Tashi Dema

The government is in the process of reviewing the national policy as well as legislation on hydropower development to align national priorities with the Constitution of the Kingdom of Bhutan, the vision of His Majesty The King, and overall national interests.

The policy for the development of hydropower emphasises 100 percent government ownership, inter-governmental bilateral arrangement with partner countries, and sub-regional and regional arrangements with full ownership resting with the government of Bhutan.

The director of Department of Hydropower and Power System, Karma P Dorji, said that the policy review was needed for Parliament to deliberate the amendment of the  Bhutan Electricity Act 2001.

He pointed out that the Constitution mandated the State to harness natural resources and accrue the benefits to the people of Bhutan. “We also drew inspiration from His Majesty’s commands on the significance and importance of hydropower,” he told Kuensel.

Both the policy and the Bill limits private sector participation.

Karma P Dorji, however, emphasised that there were ample opportunities for the private sector in the hydropower value chain – automation parts, construction, supply of raw materials and employment. “The policy will ensure the involvement of Bhutanese contractors,” he said.

According to the director, the Bhutan Electricity Act 2001 needed a total revision as the Act was enacted at a time when there was only one agency, the Department of Power, which was the regulator, policy body, and the utility. “The present Bill delineates roles and responsibilities to concerned agencies,” he added. “The revised Act has addressed all the anomalies and contradicting provisions and show the way forward to safeguard the precious resource and capitalise on evolving market.”

The Constitution vests the rights to harness the resource of the State to ensure that the benefits are accrued to the people of Bhutan. Article 1.12 states that   “The Rights over mineral resources, rivers, lakes and forests shall vest in the State and are the properties of the State, which shall be regulated by law.”

In the Royal National Day address in 2013, His Majesty The King commanded that “hydropower is considered our nation’s most precious resource that belongs to all the people of Bhutan.” In 2019 His Majesty commanded that “…enlightened economic policies ensured that benefits from valuable national resources such as hydropower was neither captured by narrow economic elite nor influential foreign investors. Instead, it was judiciously developed by the state to strengthen our economy and benefit the nation and the people at large.”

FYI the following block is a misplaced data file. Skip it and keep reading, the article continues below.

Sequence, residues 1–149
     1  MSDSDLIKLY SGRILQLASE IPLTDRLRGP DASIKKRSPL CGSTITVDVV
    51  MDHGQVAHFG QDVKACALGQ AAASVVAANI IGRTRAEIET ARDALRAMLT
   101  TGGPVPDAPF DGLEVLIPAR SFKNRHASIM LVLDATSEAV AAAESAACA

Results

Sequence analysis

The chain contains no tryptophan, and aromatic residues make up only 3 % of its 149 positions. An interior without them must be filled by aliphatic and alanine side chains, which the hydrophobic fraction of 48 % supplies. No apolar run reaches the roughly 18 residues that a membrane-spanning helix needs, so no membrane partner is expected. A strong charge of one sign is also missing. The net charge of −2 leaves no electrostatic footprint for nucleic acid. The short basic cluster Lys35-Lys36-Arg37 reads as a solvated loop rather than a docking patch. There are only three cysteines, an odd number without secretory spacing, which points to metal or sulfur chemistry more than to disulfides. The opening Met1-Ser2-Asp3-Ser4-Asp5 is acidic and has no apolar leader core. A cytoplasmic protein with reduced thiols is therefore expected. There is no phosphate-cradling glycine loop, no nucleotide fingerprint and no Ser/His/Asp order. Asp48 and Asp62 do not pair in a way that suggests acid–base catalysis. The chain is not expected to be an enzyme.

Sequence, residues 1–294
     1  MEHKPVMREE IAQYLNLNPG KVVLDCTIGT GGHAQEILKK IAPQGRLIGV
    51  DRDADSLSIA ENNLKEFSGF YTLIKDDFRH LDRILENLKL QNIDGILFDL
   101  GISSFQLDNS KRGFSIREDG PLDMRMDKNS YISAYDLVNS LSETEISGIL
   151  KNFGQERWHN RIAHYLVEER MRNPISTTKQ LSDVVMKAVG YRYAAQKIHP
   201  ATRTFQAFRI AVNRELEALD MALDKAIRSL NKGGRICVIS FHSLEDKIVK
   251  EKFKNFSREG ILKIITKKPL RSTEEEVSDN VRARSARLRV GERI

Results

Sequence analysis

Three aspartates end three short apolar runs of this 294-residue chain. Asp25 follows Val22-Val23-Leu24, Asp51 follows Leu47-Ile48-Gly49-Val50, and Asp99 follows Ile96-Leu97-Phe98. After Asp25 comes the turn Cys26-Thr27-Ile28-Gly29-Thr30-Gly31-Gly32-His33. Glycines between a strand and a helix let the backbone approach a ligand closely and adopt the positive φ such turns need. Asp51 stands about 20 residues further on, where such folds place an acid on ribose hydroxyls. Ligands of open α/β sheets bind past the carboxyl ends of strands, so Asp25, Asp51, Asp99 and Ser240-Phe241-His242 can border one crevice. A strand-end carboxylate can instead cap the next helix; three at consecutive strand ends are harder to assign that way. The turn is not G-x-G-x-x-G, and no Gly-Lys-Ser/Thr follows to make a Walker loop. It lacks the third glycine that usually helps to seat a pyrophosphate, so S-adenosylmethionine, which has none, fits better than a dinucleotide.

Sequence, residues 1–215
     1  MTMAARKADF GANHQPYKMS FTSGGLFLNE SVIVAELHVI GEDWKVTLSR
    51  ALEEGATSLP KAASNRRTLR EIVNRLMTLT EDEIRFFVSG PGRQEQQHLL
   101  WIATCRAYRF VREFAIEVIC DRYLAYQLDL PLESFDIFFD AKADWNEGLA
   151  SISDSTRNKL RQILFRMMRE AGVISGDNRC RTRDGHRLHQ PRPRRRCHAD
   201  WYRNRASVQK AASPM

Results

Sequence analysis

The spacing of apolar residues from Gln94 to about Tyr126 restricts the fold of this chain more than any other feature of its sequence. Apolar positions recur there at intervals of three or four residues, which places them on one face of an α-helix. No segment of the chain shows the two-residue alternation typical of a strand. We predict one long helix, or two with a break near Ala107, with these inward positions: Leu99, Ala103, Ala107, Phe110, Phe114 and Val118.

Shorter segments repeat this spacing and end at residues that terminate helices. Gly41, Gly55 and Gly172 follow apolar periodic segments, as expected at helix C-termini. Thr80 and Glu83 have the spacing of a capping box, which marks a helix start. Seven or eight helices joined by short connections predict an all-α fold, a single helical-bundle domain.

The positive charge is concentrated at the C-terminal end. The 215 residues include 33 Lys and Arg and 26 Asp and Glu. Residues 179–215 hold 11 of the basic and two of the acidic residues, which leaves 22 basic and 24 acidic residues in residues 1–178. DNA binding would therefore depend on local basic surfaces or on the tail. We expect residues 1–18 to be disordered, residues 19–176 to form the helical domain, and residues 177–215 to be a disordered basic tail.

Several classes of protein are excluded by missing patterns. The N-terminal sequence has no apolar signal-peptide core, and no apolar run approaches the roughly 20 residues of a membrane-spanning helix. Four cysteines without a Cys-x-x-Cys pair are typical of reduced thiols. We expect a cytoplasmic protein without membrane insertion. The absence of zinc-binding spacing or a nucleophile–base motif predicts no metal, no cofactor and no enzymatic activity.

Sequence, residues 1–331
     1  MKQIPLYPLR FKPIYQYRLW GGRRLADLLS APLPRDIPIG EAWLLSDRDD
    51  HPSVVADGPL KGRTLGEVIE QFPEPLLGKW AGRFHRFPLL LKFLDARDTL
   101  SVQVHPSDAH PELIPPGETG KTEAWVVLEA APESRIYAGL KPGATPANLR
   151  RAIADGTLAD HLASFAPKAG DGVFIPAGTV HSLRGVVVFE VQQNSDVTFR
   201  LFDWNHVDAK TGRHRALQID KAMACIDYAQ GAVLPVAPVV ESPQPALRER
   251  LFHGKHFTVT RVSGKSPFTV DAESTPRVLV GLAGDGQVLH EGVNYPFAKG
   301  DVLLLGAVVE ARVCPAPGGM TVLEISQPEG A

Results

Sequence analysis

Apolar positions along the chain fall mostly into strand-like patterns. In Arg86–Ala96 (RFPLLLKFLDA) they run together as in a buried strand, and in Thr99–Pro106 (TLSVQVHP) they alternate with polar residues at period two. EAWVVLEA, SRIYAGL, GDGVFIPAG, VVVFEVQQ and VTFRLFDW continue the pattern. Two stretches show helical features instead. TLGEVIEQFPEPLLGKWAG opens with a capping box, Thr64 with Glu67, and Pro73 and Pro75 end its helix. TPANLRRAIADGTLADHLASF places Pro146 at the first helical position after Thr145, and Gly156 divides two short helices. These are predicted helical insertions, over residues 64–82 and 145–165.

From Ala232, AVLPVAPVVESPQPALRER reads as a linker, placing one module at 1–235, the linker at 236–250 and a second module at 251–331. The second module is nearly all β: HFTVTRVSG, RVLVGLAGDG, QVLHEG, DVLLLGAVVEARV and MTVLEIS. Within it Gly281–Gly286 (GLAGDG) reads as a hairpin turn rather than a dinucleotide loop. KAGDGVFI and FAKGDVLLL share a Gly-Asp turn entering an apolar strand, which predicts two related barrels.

Karma P Dorji explained that in 2006, the two governments of India and Bhutan embarked on an “umbrella agreement.”  “India committed to buy an excess power of 5,000MW in 2020 and that prompted our government to come up with a hydropower policy, which was endorsed in 2008 and it entails about how to develop hydropower in an accelerated manner,” he said.

The then government also mandated the ministry to enhance the target from 5,000MW to 10,000MW by this year (2020) and India government committed to assist and identified 10 projects, six to be implemented as inter-governmental mode and four as joint ventures. But major problems with the projects created larger public concerns on debt ballooning, cost escalation, and project status.

The director said, in 2008 and 2009, more than 50 international companies came forward to invest in hydropower but the government would have been obliged to give tax holidays and concessions to reduce final cost. “In the inter-government model, whatever returns we get fully goes to the government coffers which is distributed to all the people by funding socio-economic developments in the country besides meeting the recurring costs.”

Bhutanese experts working on the 21st century economic roadmap say that they saw hydropower as being a strategic and established sector, and an important source of revenue in the current situation.